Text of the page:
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Full Name: William Warren Shortt
Born: 13 October 1920
Came from: Chester Went to: Retired
First game: 29 September 1945 Last game: 02 April 1956
Appearances: 374 (374/0) Goals: 0
Born in Wrexham, Shortt started his career with Cheshire side Hoole Alexandra in the Chester and District League whilst also working as a butcher's errand boy. He progressed to Chester City as an amateur in May 1938 and shortly after was loaned to Wellington Town (the club changed its name to Telford United in 1969). Being third in the pecking order, he had no chance to make a first team appearance for Chester before the outbreak of war, although he did play regularly for them during the conflict as well as guesting for Argyle in the 1945-46 Football League South season, when he was stationed in the area with the Army. This was a particularly useful arrangement for the club because Argyle's first choice goalkeeper, Matt Middleton, faced a long trip to play on a Saturday after a full week's work in the Derbyshire coal mines. In all, Shortt played 18 times in that transitionary season in which the club conceded a remarkable 120 goals in 42 games, so he never saw a lack of action.
After just four games as a guest, Shortt had impressed enough for Argyle to seek a permanent transfer, and in February 1946 Chester agreed a £1,000 fee, marking the start of a decade as Argyle's first choice 'keeper. He was not the imposing physical presence that you expect to see in a goalkeeper, but he made up for a lack of stature with his dependability. Bill did sometimes struggle with rotundity – perhaps exacerbated by the lack of height – and in 1951 the Argyle trainer put him on a diet of "foam baths, dieting and hard training". It worked and he was soon back to his best. He was a master at dealing with crosses and commanded his area with great assurance and confidence, one writer describing him as "a man who picks the ball out of the air like cherries off a tree". His performances for The Pilgrims went on to earn him international recognition with Wales and he won 12 full caps from 1947-53 including one against England at Wembley and a Home International Championship win in 1950-51. He was a member of Argyle's Division Three (South) championship side of 1951-52, playing 44 times that season, before suffering the disappointment of relegation in 1955-56, which proved to be his last season at Home Park.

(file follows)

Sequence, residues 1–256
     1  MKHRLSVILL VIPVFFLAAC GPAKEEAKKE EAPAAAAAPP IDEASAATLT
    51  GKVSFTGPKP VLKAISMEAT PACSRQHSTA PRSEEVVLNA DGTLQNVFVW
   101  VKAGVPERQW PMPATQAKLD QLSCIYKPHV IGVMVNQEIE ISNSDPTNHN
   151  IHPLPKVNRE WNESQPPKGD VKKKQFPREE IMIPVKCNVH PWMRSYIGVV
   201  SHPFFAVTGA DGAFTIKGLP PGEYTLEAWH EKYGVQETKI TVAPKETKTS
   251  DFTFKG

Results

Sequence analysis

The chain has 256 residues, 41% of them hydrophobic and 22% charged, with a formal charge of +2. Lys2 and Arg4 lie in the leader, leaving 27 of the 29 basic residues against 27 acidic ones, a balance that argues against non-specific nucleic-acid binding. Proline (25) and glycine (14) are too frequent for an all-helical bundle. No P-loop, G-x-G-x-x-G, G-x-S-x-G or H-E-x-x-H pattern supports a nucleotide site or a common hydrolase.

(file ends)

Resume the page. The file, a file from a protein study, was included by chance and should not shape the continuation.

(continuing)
After over 350 appearances he called time on his Argyle career, but played for Wadebridge and Tavistock before calling time of another sort, becoming landlord of the Duke of York in Tavistock and then the Golden Hind in Manadon, where he pulled pints for 26 years. When Plymouth celebrated the 50th anniversary of its Charter granting City status, Bill and his wife were delighted to be invited by the Council to a celebration dinner with HRH The Duke of Edinburgh on 22nd February 1979 at The Guildhall. His invite was one of a few to "Plymothians that have achieved national or international eminence". Bill was later awarded a benefit match by the club in 1985 when a game between Plymouth Argyle Veterans and a local Team Insurance side ended with an 11-3 win for the ex-professionals. Bill remained in the area until he passed away on 20th September 2004, a month short of his 84th birthday and the same day as another football legend, Brian Clough.
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APPEARANCE DETAILS [reselect competitions]
The details below reflect appearances in all first-team competitions.
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